If there’s any team that has a true axe to grind with the Red Sox, it’s the Angels.
Coming in to the first game of the 2007 ALDS, the Red Sox had beaten the Angels in six straight postseason games, going back to 1986, when the Red Sox devastated the Angels in the person of Dave Henderson, and including 2004, when the Red Sox came back on a walkoff homer from Big Papi in Game 3 at Fenway Park to sweep them in the Division Series. This was the part of the season that would wind up feeling identical to 2004.
Still, nothing felt assured for Boston coming in to this year's playoffs. During the regular season, the Sox had gone 6-4 against the Halos, a tepid record for such an otherwise high-flying team. These games were all the more disheartening because all four losses came in the second half of the season, and several of them were worrying games—in particular, the Aug. 17 horror show in which the Red Sox rallied to take the lead in a four-run eighth inning, only to watch then-newcomer Eric Gagne blow chunks all over the ballpark to make the final score 7-5, Angels.
The 2007 Angels could be summed up as pains in the butt. They had a tough, consistent lineup and a franchise-signature tendency to run the bases with cunning and ruthlessness. Playing them was sometimes like being pecked to death by a duck.
And so we entered the 2007 ALDS apprehensive and anxious. A playoff matchup between these two teams had been predicted as early as July. Judging by the regular season, I feared a repeat of the 2003 ALDS against another Southern California team, the A’s, that left the Red Sox wrung out going into the pennant series in New York.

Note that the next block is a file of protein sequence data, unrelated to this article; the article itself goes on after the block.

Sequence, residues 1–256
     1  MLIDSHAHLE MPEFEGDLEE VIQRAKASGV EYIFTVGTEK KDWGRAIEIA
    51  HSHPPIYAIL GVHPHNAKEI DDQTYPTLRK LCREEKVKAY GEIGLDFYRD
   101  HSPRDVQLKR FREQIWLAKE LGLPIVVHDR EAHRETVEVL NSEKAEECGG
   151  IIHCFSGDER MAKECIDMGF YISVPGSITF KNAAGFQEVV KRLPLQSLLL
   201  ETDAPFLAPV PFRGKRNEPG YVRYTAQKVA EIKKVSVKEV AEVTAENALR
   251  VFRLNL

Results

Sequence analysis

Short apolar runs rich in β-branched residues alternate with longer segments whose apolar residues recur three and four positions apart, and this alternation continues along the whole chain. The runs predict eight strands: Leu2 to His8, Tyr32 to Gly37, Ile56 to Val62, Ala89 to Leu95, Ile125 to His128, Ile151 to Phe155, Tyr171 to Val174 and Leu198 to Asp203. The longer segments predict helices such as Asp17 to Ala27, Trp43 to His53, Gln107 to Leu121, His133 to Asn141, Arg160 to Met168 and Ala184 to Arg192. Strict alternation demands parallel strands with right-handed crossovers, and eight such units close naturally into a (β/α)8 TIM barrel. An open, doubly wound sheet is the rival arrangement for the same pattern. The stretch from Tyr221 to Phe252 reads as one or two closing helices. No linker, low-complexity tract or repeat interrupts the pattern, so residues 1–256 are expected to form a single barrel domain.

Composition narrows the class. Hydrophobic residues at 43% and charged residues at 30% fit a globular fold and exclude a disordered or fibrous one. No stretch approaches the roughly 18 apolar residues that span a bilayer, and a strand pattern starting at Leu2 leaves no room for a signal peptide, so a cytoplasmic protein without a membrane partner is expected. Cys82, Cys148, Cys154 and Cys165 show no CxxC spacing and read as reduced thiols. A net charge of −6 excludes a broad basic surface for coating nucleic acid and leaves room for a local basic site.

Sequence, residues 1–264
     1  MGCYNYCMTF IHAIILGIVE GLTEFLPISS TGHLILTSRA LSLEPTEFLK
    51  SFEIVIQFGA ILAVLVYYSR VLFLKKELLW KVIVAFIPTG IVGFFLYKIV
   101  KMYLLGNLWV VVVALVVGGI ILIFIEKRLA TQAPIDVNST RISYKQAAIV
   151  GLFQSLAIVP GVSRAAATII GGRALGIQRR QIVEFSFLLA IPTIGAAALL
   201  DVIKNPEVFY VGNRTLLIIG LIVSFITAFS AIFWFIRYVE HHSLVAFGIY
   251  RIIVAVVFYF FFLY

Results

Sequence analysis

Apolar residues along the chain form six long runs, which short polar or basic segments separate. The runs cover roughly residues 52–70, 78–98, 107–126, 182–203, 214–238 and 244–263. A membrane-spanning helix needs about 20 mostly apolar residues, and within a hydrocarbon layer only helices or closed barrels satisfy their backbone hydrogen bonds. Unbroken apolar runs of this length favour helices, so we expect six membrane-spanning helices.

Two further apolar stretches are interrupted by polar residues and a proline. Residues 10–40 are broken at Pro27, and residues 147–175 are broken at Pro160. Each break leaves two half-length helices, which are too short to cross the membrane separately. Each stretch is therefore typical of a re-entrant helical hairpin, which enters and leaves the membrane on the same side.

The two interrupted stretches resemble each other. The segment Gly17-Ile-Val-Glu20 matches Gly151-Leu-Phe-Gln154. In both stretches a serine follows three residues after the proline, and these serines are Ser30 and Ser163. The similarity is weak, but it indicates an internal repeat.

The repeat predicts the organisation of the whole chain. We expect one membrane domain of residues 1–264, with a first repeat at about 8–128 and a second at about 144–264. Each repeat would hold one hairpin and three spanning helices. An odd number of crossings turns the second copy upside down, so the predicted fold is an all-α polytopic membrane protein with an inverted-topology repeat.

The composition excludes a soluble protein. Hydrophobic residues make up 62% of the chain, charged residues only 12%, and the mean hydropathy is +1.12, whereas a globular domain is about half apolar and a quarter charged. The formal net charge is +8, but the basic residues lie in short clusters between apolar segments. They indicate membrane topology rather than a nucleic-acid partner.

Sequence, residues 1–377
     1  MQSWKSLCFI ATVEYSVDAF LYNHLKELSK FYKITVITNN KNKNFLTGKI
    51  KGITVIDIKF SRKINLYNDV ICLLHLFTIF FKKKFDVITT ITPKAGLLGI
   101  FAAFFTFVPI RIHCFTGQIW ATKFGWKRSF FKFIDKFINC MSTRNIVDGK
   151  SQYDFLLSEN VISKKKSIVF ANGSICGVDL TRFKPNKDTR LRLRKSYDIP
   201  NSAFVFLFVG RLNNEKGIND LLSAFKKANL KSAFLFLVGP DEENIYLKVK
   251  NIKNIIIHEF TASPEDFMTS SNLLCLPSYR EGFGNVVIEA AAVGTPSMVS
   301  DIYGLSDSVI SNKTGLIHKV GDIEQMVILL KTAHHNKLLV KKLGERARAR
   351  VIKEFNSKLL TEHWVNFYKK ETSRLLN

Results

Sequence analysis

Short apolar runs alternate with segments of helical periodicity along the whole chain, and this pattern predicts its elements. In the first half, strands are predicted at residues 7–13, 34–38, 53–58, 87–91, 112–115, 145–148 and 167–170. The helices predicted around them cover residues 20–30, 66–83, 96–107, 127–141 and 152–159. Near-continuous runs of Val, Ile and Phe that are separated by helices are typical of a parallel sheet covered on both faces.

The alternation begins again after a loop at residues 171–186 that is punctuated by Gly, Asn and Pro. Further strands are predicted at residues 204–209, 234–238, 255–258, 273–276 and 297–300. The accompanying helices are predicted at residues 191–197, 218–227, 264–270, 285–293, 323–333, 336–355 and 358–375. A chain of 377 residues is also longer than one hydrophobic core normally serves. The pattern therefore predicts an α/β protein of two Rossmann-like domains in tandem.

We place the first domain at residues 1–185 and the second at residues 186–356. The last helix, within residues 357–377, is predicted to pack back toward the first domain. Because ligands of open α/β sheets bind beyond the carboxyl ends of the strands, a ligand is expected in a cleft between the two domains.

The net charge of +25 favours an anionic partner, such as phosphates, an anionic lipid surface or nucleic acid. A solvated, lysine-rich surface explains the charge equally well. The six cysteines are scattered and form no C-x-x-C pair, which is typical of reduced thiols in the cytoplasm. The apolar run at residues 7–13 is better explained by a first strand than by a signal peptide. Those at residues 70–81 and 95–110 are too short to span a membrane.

By the middle of the first inning of this year's Game 1, however, I had amended that pessimism. Despite their competitive season series, the Red Sox and Angels would revert to postseason form.
The Sox established pitching dominance early in the form of Josh Beckett, who was astonishing.
Knowing all that happened since, it’s hard to fully remember how surprising it was to watch Beckett in that first throat-clearing of the postseason. Now, it’s impossible not to remember the beast he was throughout the playoffs, but right there in the beginning…he had been good during the regular season, but even he hadn’t been that good. It felt like he’d opened up some reservoir of fuel we hadn’t known he was keeping in reserve.
And there was another change. I’d spent the season alternately enamored with and bewildered by Josh, depending on whether or not I was watching him pitch or watching him speak. He’d shown some spectacular screaming antics on the field of play since donning a Sox uniform, and the Beckett I’d grown used to was not shy about asserting himself both physically and verbally.
This new Beckett, from the very beginning, had found an even more intimidating demeanor: chilling serenity.
He had plenty of help from the heart of the lineup, but in the end his performance rendered their contributions moot: Beckett kicked off a legendary postseason with a complete-game shutout.
Manny and the Zen of the three-run walkoff
David Ortiz has been the Angels’ worst nightmare for years, and this regular season was no different. Per the Angels official site, he went 13-for-36 in nine games, possessor of 3 doubles and 4 homers, “the last one a titanic grand slam off Jered Weaver at Fenway Park.”